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Vladimir Pozner: Mars and Ceres

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Anti-war essays, poems, short stories and literary excerpts

French writers on war and peace

Russian writers on war

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Vladimir Pozner
From First Harvest (Les Gens du pays) (1943)
Translated by Haakon Chevalier

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He derived no pleasure from trampling the tilled fields pf others, whether they were Poles, Belgians, or Greeks – for he had traveled a great deal in the course of the following months – and he observed his companions with a disapproving eye, especially the young ones, ignorant and talkative townspeople like his brother-in-law, the café-waiter, who frantically went about ruining the land. Each time he saw a field delivered to the treads of the tanks, a cow galloping before a fire, he would think of his farm, and his heart would contract. He could not figure out why the builders of the New Order – certain magic words of the time had found their way to him – should begin by tearing down fences and burning barns. In short, in the triumphal march across the Continent which the world agreed in recognizing as the best organized in history, Huber discerned only a frightful mess.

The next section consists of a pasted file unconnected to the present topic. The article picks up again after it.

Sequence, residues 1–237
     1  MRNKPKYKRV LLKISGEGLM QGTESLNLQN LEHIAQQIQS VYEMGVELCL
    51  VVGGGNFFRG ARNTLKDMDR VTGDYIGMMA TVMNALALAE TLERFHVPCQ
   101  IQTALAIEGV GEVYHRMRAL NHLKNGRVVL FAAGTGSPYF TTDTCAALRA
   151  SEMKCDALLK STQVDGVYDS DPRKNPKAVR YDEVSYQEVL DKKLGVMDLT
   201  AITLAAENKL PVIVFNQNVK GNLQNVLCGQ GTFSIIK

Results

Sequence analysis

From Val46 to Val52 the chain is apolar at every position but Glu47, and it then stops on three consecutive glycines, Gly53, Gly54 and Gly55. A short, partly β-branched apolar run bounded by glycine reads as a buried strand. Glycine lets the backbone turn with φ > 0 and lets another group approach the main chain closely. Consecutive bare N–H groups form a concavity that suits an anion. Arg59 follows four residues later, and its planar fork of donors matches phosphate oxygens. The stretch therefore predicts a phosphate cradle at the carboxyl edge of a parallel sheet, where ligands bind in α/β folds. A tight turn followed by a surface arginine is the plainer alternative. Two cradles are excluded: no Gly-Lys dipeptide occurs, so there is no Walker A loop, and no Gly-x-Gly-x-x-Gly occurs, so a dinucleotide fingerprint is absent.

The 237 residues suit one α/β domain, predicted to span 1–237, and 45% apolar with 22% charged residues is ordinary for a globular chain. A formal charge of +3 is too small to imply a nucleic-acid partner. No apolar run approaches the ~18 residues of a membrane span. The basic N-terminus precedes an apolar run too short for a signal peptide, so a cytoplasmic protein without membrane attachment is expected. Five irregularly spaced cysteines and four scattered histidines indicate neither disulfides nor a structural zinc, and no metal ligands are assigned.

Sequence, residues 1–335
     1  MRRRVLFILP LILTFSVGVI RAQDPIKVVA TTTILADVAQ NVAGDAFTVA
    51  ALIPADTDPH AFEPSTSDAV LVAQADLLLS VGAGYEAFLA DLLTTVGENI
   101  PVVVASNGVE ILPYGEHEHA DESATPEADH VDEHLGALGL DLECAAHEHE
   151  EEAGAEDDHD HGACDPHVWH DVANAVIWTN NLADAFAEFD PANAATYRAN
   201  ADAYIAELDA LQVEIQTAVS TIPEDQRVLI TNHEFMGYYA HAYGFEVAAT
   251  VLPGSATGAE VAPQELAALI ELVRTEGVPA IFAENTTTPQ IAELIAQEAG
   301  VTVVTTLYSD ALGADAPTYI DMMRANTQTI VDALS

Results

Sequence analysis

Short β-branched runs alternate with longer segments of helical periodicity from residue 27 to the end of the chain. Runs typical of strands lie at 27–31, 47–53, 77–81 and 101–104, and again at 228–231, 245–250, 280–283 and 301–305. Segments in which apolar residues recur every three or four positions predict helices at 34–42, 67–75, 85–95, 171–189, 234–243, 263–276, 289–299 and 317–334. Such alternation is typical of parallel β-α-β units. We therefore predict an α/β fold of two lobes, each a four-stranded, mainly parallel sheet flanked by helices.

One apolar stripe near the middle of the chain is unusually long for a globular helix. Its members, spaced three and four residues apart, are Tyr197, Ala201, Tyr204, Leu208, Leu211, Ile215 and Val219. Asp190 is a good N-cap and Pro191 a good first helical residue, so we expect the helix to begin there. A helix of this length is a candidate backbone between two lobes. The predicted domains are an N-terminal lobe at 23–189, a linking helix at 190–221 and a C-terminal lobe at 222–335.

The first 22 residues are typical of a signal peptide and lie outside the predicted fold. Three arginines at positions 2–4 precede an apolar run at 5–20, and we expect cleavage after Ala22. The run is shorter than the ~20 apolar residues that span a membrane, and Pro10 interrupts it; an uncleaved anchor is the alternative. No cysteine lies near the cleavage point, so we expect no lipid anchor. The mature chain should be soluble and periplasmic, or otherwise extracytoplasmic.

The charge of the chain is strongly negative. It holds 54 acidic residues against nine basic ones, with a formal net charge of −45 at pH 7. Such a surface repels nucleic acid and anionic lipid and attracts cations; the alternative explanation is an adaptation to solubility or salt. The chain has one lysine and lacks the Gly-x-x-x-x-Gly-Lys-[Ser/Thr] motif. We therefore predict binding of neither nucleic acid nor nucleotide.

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Grimaces going back to an even more remote past were superimposed upon her features; her lower lip expanded, protruded as it did when she was a child to announce tears; and in a voice which her sister hardly recognized, not having heard it since their adolescence, Madame Jeanne said, “But they can’t shoot people that way, Marton.”

Perhaps she remembered the last war, the chef commenting at breakfast on the news in the paper; the pits of Vincennes, where spies were executed; Mata-Hari the flashy “and the officer waved his white-gloved hand”; perhaps she dumbly believed in the solemnity of death.

“Yes, they can,” said Marthe.

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